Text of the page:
Copper-free Sonogashira cross-coupling reactions: an overview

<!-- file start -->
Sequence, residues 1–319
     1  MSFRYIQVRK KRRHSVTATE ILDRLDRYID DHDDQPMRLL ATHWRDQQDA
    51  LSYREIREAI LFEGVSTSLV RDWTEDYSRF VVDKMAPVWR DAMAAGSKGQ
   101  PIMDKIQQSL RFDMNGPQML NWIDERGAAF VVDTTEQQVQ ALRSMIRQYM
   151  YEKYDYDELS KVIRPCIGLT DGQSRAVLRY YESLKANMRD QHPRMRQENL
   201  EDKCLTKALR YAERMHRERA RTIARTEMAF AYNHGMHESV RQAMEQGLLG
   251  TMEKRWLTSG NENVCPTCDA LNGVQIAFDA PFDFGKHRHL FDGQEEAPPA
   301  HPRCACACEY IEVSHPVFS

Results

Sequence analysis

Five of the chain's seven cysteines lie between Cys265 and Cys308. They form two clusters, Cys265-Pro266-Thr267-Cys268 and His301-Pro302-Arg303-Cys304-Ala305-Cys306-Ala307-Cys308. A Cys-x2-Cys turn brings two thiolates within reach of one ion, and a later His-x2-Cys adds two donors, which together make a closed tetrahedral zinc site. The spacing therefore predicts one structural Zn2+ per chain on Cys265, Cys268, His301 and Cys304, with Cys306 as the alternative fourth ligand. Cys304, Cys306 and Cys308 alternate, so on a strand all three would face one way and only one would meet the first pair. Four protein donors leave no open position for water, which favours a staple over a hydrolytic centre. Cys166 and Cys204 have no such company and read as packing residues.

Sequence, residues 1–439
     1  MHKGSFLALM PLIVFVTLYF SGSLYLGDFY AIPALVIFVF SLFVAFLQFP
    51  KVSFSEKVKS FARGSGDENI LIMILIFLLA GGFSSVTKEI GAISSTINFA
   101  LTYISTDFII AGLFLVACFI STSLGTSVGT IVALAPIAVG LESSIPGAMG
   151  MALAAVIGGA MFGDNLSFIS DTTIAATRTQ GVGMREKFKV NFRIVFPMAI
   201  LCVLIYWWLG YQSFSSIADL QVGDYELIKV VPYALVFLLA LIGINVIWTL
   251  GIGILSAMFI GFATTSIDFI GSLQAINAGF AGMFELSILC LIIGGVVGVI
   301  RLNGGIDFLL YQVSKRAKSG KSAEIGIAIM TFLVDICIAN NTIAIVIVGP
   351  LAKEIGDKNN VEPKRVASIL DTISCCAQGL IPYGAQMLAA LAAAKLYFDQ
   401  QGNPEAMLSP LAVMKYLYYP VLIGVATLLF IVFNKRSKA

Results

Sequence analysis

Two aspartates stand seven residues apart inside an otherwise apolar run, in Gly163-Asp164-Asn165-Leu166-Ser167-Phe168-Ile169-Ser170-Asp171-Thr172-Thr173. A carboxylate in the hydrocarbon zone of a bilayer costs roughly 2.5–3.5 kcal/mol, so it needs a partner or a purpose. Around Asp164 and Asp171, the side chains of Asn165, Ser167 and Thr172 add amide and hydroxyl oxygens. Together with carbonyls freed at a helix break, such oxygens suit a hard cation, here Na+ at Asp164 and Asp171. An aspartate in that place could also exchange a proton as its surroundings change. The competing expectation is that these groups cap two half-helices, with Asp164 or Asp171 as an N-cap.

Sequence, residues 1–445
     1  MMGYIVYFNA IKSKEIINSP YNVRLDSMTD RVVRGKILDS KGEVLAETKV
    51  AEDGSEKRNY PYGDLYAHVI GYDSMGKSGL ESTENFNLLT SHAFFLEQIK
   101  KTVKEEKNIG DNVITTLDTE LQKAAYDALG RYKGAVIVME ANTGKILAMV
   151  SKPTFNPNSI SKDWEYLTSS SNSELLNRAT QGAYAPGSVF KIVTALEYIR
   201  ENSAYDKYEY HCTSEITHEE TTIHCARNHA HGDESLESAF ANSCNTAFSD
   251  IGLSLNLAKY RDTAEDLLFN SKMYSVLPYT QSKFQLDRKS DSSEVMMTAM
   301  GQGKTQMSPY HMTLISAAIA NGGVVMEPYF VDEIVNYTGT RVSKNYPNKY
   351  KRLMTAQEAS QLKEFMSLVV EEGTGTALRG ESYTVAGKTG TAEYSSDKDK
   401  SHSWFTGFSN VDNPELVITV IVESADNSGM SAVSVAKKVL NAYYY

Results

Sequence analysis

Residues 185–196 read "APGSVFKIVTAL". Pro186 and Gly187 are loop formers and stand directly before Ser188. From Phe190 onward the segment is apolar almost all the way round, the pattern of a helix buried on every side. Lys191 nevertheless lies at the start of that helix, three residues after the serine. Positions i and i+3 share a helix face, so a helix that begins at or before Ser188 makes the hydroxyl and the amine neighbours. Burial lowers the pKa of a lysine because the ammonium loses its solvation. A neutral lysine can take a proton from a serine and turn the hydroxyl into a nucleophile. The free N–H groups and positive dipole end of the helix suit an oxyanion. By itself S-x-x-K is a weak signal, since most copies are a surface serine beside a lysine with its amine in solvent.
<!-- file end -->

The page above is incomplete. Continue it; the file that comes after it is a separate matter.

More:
The Sonogashira reaction is a cross-coupling reaction of a vinyl or aryl halide with a terminal alkyne to form a C–C bond. In its original form, the Sonogashira reaction is performed with a palladium species as a catalyst while co-catalyzed by a copper species and a phosphine or amine. The reaction is conducted under mild conditions, i.e., room temperature, aqueous solutions, and the presence of mild bases. Undeniably, the Sonogashira reaction is among the most competent and efficient reactions widely used in organic synthesis. This named reaction has proved useful in many organic synthesis areas, including the synthesis of pharmaceuticals, heterocycles, natural products, organic compounds, complex molecules having biological activities, nanomaterials, and many more materials that we use in our daily lives. The presence of transition metals as a catalyst was indeed essential in the Sonogashira reaction. However, recently, the reaction has been successfully conducted without copper as a co-catalyst and phosphines or amines as bases. In this critical review, we have focused on developments in the Sonogashira reaction successfully performed in the absence of copper complexes, phosphines or amines, which could be of particular advantage in implementing green chemistry principles and making the reactions more achievable from an economic viewpoint.